For example, if you were to go to the "About"[6] page on this Blog you would find the following:

Creative Commons Licence
This work is licensed under a Creative Commons Attribution-NonCommercial-NoDerivs 3.0 Australia License.

Which means that I license my work, here on The Kritic, for you to “Share — copy and redistribute the material in any medium or format” under the following terms:

Creative Commons License BY NC ND terms

Creative Commons license BY,NC,NDSource: Creative Commons

Creative Commons Australia suite of CC licences version 3.0

Creative Commons Licenses

Creative Commons licensesSource: Creative Commons

What Is Fair Use?

In Australia "Fair Use" is referred to as "Fair Dealing" by the Australian Copyright Council.

The Australian Copyright Council states:[7]

There is no general exception for using copyright material simply because you think it is fair or because you are not making a profit. The Copyright Act allows you to use copyright material without permission if your use is a "fair dealing" for one of the following purposes:

  • research or study;
  • criticism or review;
  • parody or satire;
  • reporting news; or
  • professional advice by a lawyer, patent attorney or trade marks attorney.

Stock Images

There are plenty of Stock photo websites to be found where you can purchase royalty free images. They can supply many formats such as photos or illustrations or even video. Do not commit to a particular stock photo, illustration or video unless you understand the license agreement. There is always fine print for your license so make sure you read it. Some stock photo services reserve the right to revoke your license at any point and this can be problematic if you have built your theme around your purchase.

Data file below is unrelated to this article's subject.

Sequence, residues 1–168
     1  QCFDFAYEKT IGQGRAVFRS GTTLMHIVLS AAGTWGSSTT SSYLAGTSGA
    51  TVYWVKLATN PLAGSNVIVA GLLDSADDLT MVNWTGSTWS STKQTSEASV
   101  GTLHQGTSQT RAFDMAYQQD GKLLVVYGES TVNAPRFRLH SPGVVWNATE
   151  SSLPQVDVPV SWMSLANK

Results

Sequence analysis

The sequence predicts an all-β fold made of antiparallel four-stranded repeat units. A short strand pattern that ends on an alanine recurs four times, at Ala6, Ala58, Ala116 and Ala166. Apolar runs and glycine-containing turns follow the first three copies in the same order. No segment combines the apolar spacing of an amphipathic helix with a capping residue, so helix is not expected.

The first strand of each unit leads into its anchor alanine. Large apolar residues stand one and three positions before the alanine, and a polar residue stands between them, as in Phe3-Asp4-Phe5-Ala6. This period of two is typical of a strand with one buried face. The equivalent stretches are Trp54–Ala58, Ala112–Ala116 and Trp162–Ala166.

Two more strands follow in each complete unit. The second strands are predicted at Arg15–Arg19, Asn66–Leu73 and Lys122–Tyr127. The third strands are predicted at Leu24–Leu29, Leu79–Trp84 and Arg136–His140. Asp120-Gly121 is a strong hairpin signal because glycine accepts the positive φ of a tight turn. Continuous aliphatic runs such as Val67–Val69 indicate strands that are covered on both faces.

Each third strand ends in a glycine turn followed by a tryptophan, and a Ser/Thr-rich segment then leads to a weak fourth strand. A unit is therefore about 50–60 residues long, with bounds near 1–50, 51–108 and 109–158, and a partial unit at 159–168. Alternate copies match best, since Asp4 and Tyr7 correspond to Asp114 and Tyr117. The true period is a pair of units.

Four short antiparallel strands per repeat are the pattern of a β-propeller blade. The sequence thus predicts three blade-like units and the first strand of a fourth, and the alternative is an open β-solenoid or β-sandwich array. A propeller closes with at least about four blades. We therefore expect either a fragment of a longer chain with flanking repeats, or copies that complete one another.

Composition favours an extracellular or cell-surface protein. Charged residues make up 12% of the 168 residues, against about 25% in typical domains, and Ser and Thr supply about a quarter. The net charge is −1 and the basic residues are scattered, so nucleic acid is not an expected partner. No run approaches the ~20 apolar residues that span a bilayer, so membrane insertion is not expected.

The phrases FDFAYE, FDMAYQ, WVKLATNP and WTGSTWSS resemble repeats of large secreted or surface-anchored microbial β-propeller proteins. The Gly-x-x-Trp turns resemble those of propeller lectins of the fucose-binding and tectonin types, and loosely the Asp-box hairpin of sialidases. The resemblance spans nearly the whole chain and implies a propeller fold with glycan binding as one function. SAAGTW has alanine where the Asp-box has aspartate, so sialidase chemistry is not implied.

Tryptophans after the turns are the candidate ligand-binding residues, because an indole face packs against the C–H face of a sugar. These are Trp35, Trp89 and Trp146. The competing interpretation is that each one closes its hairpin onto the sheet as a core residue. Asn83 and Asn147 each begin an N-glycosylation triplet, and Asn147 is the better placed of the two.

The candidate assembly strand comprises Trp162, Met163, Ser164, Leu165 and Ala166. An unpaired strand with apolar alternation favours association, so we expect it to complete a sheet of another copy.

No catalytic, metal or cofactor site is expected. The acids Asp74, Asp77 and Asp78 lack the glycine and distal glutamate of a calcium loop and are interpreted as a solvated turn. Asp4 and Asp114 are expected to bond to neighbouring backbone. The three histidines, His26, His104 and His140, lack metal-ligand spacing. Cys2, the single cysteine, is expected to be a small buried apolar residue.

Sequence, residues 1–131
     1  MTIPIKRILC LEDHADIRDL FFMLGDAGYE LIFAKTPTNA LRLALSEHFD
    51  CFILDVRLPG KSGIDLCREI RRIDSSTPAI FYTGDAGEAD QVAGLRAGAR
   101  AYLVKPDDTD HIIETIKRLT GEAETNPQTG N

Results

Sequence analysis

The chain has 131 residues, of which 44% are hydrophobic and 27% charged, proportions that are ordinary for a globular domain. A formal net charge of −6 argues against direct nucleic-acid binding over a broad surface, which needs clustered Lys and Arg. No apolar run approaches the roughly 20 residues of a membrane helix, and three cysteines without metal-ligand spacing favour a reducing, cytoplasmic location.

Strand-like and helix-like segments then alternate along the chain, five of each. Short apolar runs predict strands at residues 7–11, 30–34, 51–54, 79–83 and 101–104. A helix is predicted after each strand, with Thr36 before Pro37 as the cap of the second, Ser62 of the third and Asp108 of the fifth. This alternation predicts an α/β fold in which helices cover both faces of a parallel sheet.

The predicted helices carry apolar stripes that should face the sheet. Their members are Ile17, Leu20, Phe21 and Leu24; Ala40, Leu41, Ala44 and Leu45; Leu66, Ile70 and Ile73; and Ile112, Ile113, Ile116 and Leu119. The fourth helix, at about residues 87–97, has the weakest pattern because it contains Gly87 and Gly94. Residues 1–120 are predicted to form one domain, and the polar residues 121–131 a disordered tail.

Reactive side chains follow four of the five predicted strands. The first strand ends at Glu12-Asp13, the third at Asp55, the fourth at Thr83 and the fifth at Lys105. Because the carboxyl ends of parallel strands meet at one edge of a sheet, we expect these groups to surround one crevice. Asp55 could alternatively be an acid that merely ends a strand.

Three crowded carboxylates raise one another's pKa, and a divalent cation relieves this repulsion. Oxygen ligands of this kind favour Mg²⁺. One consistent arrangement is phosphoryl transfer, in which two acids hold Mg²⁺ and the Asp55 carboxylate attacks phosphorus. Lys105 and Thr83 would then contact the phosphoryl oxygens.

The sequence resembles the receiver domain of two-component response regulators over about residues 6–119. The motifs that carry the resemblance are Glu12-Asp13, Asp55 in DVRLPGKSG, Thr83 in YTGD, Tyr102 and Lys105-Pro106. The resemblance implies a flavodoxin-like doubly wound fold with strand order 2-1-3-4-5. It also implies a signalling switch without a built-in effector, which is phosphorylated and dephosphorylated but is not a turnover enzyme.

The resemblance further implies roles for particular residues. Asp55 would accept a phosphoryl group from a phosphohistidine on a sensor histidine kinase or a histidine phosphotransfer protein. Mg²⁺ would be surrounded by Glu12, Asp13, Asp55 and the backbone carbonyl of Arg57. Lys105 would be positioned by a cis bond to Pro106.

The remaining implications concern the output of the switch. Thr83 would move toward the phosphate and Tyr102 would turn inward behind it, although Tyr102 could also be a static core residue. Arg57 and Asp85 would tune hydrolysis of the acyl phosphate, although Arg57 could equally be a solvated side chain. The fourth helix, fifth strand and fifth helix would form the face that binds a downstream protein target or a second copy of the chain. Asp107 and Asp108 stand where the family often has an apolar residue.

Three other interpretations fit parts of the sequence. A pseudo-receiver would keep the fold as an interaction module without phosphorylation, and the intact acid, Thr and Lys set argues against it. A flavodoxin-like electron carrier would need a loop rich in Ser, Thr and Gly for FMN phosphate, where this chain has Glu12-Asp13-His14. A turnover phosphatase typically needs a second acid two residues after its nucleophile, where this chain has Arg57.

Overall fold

Actual Free Photos

Yes, there are websites that offer free photos. Most of them offer low resolution and often poor quality photos. Some of the photos may even be someone else’s intellectual property, stolen from somewhere else and offered on the free photos website. Another problem that is often seen with these websites is they come with an unusually high amount of advertising and can often require quite a few clicks through various pages before you get to the promised image.

But in saying that, there are the exceptions and one of those is “Pexels”. Pexels offer their stock of photos with a Creative Commons CC0 license[8], which basically means that the original owner of the copyright has offered the work with “No Rights Reserved” thereby placing the work as completely as possible in the public domain.

Which means you would see this:

Public Domain
This work is licensed under a CC0 1.0 Universal (CC0 1.0) Public Domain Dedication.